Proteins are built up of amino acids, which are critical to the health of our bodies. They build up our protein and synthesize our hormones and neurotransmitters. Although there are 20 amino acids that our bodies require to grow and operate optimally, 9 of them are noted as essential.
Today, we’re going to focus on Lysine!
Why Do I Need to Care About Essential Amino Acids (EAAs)?
Essential amino acids are instrumental in processes like tissue growth and energy production. Not only that, but they also regulate how our immune systems function and how we absorb nutrients.
When we consume protein, it is reduced to amino acids, which are then utilized by our bodies for different purposes like increasing muscle and regulating immune function.
What Makes An Amino Acid ‘Essential’?
Essential amino acids cannot be created by our bodies and, therefore, require absorption through diet. Sources high in essential amino acid content are animal proteins, such as meat and poultry.
If we do not regularly consume enough EAAs, we could be increasingly prone to health issues like growth problems and energy deficiencies.
What is Lysine?
Lysine, pronounced lai·seen, provides many benefits that include healing wounds and releasing anxiety. It is essential for keeping our bodies in good health, from our eyes to our blood pressure.
As it is an essential amino acid, Lysine must be obtained through our diet.
Therefore, the best place to find it is in our food and supplements.
Food sources and supplements high in Lysine include:
- Nuts and Seeds: Macadamia and cashews
By abiding by a Lysine-rich diet, you can prevent yourself from experiencing health problems caused by deficiencies.
The Benefits of Lysine
Lysine is prominent throughout several bodily functions:
● Protein synthesis
● Calcium absorption
● Hormone production
● Enzyme production
Since it synthesizes proteins and produces hormones and enzymes for our bodies, Lysine is beneficial for boosting energy, speeding up the time it takes to heal wounds, and releasing anxiety.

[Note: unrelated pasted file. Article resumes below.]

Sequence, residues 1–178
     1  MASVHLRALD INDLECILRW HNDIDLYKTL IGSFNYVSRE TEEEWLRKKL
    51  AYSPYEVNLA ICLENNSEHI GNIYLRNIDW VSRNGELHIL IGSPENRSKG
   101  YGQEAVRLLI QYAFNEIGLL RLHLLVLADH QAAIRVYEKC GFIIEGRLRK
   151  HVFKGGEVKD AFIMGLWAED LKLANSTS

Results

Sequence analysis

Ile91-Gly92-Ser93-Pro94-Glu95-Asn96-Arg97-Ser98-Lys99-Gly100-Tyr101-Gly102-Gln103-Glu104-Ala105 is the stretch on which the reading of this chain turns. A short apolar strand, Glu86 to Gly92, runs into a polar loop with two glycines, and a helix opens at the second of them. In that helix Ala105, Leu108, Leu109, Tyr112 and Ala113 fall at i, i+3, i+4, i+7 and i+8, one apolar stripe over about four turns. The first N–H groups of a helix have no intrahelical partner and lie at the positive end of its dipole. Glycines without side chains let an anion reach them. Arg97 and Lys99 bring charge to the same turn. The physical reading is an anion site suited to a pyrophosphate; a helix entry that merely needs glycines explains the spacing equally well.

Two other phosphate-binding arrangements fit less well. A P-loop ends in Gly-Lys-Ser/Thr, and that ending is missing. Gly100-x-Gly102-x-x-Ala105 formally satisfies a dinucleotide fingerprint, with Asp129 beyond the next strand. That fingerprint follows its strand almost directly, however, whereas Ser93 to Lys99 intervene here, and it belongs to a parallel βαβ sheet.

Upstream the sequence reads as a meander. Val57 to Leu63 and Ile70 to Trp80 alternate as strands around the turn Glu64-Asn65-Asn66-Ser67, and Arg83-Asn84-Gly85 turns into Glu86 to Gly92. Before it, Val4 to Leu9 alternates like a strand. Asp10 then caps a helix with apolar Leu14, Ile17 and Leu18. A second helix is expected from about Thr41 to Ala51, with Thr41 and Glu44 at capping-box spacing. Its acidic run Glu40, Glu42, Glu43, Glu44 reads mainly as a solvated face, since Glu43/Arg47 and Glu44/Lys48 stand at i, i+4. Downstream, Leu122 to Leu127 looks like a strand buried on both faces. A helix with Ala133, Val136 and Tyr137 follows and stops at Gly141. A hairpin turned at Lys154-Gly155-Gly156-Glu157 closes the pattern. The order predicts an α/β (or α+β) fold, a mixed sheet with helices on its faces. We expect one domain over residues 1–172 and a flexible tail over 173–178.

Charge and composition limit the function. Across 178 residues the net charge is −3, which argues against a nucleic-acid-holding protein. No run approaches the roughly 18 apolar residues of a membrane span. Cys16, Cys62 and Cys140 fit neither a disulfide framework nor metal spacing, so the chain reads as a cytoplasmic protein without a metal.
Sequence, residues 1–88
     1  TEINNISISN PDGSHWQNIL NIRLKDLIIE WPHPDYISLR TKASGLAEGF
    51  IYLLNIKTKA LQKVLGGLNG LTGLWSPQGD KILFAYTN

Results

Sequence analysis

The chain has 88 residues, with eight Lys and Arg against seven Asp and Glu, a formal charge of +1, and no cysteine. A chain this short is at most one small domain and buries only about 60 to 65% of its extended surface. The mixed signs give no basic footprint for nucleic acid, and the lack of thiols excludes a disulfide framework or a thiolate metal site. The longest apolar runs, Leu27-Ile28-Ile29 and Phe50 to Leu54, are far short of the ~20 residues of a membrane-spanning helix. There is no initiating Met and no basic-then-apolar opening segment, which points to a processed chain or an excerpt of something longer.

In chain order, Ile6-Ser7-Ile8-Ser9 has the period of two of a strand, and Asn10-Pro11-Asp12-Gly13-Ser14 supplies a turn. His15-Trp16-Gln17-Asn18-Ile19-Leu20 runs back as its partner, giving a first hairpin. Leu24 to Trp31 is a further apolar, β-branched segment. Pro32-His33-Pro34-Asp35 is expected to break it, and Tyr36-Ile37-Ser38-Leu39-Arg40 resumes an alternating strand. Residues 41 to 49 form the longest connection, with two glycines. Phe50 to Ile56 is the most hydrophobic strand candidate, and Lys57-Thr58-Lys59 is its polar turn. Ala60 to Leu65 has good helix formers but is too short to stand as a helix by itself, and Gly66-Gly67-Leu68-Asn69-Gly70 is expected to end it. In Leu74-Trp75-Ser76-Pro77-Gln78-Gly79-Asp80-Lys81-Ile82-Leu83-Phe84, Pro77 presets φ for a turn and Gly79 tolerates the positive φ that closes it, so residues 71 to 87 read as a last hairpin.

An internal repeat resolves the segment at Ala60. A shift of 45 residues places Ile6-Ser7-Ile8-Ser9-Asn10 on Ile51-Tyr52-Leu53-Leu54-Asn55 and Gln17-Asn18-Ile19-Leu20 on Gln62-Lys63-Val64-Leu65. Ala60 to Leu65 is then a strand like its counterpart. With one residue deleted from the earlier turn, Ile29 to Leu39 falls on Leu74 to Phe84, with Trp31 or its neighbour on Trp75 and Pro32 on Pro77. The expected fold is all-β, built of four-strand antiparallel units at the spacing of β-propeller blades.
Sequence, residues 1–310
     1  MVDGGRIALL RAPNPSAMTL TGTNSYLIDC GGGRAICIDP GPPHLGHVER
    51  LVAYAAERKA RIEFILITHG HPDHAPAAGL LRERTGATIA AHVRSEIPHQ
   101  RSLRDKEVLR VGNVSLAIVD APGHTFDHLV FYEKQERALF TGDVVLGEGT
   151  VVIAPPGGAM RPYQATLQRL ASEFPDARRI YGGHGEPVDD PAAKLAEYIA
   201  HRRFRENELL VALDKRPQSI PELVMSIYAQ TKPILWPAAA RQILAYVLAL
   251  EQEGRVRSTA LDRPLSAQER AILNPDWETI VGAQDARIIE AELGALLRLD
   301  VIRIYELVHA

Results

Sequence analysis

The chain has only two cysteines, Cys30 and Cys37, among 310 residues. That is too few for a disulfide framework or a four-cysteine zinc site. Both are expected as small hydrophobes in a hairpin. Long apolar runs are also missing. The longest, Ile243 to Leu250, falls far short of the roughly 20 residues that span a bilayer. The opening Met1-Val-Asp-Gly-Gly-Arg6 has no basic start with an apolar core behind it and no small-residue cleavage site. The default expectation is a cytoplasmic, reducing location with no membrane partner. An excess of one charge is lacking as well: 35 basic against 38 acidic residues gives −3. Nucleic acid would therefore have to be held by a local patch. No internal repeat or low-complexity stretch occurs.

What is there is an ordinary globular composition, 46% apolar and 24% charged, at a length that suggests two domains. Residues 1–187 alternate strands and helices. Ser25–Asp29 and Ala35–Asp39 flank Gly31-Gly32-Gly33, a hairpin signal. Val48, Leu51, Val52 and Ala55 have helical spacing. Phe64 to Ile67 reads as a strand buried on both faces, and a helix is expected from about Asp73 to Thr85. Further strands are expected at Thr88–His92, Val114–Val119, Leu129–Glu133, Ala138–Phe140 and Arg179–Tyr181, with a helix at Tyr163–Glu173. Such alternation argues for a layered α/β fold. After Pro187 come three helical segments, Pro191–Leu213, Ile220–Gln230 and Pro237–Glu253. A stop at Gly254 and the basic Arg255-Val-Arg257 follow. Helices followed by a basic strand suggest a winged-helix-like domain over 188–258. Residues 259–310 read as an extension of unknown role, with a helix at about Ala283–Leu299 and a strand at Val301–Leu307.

1. Increases Energy
In addition to its role in these functions, Lysine is beneficial for increasing energy production and immune functioning. Lysine is used to build carnitine and transport fats across cells to burn them for energy. People tend to turn to Lysine for treating cold sores, athletic performance and diabetes.
2. Improves Healing Time
You can even boost the production of collagen, a protein that helps support wounds by giving structure to both skin and bones. As a binding agent, Lysine increases the number of new cells at a wound which stimulates the formation of new blood vessels.
3. Alleviates Anxiety
What is the Daily Lysine Requirement?
Although the recommended daily intake of Lysine varies across different types of people, a review journal titled “Advances in Nutrition,” by Yongqing Hou and Guoyao Wu, recommends a daily intake of 38mg of Lysine.
The Downsides of Not Consuming Enough Lysine
With lysine deficiency, your amino acid metabolism and immune responses can become significantly impaired.
If your body is not getting enough lysine in its diet, you can experience: ● Fatigue
● Slow growth
Since essential amino acids help improve growth and are instrumental in the conversion of fatty acids into energy, not getting the recommended daily amount could result in fatigue and slower growth. This makes it that much more critical for you to get enough of these EAAs and in the best way possible.
Can Rejuvenate Help with Lysine Intake?
If you’re looking to maintain the recommended daily intake of Lysine, add Rejuvenate Muscle Health’s proprietary blend to your diet. Even having simply one glass of Rejuvenate can repair your lost muscle and increase immune function.
Learn More About Lysine and other EAAs
Lysine is one of nine EAAs; that lets you know how important it is to absorb each of them in your diet. Maintaining a healthy body and strong muscle functioning requires keeping track of your daily intake of essential amino acids.
Stay tuned for more of our Essential Amino Acids Guide blogs coming soon!
Learn more out more about each EAA in our 9 Essential Amino Acids Health Guide blog!